pg 111: I'm a sucker for this sort of first paragraph. Getting to write something like this is probably my favorite thing about being a writer. Finding the words to feel and see something. I love it. I went back to see my first draft (or more likely a second or third). This paragraph was there, though not at the beginning of a chapter and slightly different.
"Every day the sun seemed lower, leaning closer and closer to Mount Eskel, a mother’s eye looking in on her babe. It was brilliant and painfully bright, the sky achingly blue, the hard crust of snow beginning to soften. Patches emerged, showing green things rising out of the rocks and mud. The smell in the air changed—it felt thicker, richer, like the aroma around a cook pot. Plants were waking up and spring was slowly stretching on the mountain. The girls looked more and more up from their books and toward Mount Eskel and their homes."
"the rough and furtive yearning": Miri is not sure how she feels about the possibility of marrying a prince. Someone said that confusion is feeling two opposite ways about the same thing. It's possible to both love and hate an idea or a person, to want and fear something at the same time. I think we know this as we grow older, but it's a simple concept that I don't think all young people grasp. It's okay to be confused. Most things are not in absolutes.
Pg 119: "the chilly air of early spring nipped and butted Miri's skin." I remember initially adding "like a herd of goats" or something, but then realized the verbs conveyed that meaning well enough on their own. The goal is always to write a sentence using not one more word than is necessary.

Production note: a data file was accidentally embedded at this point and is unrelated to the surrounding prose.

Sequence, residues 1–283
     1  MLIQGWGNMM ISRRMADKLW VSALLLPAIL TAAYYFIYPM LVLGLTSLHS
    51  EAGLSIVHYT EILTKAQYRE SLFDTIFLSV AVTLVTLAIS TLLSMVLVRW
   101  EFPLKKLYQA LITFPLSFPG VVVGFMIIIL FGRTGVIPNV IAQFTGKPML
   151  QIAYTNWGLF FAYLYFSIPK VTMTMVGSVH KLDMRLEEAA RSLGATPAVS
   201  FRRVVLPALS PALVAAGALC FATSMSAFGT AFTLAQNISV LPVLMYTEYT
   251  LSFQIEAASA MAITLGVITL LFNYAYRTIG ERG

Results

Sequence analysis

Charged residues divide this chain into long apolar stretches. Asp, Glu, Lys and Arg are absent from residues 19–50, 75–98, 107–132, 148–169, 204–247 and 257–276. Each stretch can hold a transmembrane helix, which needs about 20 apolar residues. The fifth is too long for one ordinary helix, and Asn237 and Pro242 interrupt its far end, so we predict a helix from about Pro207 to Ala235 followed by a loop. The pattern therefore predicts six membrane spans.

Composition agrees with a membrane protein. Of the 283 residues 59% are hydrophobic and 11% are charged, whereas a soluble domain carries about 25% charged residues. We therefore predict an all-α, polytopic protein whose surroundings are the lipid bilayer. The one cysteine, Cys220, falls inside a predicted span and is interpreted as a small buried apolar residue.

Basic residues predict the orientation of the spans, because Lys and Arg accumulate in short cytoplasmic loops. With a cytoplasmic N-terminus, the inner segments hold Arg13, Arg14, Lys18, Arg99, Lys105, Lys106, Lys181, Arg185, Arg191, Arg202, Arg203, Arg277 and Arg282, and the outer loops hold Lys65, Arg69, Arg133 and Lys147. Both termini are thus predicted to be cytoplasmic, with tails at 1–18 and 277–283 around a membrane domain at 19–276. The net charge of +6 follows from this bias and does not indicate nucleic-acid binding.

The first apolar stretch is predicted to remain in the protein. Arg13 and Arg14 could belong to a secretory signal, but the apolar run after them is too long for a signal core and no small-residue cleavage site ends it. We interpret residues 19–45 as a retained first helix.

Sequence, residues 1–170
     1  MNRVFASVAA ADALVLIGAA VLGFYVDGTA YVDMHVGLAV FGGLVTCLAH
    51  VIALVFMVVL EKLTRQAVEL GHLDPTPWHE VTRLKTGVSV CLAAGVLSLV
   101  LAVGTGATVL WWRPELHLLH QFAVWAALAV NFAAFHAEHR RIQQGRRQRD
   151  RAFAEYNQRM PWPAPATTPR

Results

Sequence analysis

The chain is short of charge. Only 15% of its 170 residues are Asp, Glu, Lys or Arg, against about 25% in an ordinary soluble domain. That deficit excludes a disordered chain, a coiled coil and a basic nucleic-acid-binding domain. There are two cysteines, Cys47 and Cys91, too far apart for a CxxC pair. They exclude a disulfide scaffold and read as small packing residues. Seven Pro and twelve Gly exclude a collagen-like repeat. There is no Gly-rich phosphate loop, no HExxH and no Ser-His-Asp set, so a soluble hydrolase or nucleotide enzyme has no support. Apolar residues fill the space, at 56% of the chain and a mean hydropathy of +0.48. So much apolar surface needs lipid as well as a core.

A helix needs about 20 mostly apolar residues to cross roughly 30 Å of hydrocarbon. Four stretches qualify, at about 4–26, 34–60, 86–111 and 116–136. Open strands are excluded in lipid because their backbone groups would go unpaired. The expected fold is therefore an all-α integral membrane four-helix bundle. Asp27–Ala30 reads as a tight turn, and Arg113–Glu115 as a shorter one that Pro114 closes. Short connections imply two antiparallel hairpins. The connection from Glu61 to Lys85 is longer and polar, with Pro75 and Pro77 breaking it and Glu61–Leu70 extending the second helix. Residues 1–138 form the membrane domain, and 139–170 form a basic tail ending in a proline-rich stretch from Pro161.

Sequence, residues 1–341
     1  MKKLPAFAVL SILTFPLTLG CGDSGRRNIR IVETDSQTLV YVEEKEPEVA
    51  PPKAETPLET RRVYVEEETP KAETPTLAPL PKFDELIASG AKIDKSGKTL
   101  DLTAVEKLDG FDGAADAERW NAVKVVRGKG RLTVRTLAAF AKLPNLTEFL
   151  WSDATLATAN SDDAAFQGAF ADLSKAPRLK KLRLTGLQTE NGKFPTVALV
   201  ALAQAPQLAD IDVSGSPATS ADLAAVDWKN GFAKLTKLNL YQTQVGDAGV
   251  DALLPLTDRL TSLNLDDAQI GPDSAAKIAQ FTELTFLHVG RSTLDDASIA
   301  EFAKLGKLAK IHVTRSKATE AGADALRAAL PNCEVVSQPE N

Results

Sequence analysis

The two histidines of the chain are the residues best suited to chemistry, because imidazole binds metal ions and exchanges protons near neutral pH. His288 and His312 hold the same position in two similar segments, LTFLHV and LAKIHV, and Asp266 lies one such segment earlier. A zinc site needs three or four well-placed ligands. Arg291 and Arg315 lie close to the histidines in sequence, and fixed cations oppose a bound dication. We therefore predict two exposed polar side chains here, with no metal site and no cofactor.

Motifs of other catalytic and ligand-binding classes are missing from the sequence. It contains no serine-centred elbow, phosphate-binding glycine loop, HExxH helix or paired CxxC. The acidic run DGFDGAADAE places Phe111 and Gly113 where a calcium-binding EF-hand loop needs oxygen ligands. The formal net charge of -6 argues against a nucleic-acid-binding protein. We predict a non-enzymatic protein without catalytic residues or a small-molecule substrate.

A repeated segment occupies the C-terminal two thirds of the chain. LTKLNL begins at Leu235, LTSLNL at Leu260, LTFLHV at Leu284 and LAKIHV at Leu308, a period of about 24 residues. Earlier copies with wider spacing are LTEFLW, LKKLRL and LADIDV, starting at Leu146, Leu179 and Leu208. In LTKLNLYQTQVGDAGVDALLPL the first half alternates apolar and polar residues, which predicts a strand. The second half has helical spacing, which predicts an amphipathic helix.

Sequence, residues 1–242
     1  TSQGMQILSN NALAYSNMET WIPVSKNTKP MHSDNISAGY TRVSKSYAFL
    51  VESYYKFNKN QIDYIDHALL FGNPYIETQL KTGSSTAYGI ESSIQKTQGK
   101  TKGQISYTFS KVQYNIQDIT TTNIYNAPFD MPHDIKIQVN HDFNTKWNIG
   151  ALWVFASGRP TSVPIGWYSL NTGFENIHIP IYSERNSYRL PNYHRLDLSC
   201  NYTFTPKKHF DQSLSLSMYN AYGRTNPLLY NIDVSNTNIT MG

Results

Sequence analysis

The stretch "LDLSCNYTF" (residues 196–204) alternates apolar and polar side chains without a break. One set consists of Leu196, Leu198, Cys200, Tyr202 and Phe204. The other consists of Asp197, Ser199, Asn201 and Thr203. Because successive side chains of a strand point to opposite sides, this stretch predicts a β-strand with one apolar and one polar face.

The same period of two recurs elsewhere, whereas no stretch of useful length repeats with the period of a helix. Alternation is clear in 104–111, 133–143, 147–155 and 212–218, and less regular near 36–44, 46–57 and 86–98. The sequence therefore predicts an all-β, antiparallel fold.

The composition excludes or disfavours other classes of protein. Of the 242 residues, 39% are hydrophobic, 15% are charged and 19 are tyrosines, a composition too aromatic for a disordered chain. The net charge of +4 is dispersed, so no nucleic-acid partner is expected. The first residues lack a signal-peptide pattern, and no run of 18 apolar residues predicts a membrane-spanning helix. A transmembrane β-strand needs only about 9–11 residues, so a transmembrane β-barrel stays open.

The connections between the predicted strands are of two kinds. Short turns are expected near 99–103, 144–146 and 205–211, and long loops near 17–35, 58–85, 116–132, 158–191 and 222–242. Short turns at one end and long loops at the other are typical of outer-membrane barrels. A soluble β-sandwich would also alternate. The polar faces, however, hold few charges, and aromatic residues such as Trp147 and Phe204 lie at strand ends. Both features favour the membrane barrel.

honeyed nuts!: I want some of those right now.
Isobel asks, "How do you figure out just the right amount of tension--enough to hold the reader without scaring them off?" Good question. I don't know the answer. I guess it depends on the book, the scene, the moment, the reader. There's no good way I know of to quantify it. Reading a lot of books and watching what other writers do helps hone my internal reader, and I use her to gauge all such questions when I'm writing.
Leslie asks, "How much rewriting do you do before your editor even sees the manuscript, and how much is in response to direct feedback from your editor?" Varies. With this book, I sent her the third draft. Only once have I sent her a first draft (along with many caveats). I usually like to get it into the semblence of a book first, but early enough in the process that I can use her valuable eyes to help me avoid huge mistakes I might be making before I do too many drafts. She usually reads three different drafts--say draft 3,6, and 9, and then again the "final" draft when it goes to copy edits, plus the copy edited version, and each set of proofs... Editors do a lot of work! I love my editor. I've never sent her a draft that I thought was final and then was shocked that she had notes. I always ache for a better story, so her notes are always welcome. With this book in particular, I could have kept fiddling with it for months longer--not changing anything major, just words--and she took it from me and said, "It's done, Shannon." I wasn't sure. They typeset it and sent me the first proofs, and when I read them I sighed with relief. She was right. She usually is.
Rebecca says, "Possible favorite conversation in the entire book:
"...Who cares about a prince anyway?"
"I'd wager the prince himself cares a great deal," said Miri as they rushed back to the academy at Olana's call. "And he might have a puppy who is quite fond of him."
Love! Absolutely love it! Your books make me want to hug everyone around me. My cats don't appreciate it so much."
Rebecca, this comment makes me want to hug YOU. And your cats.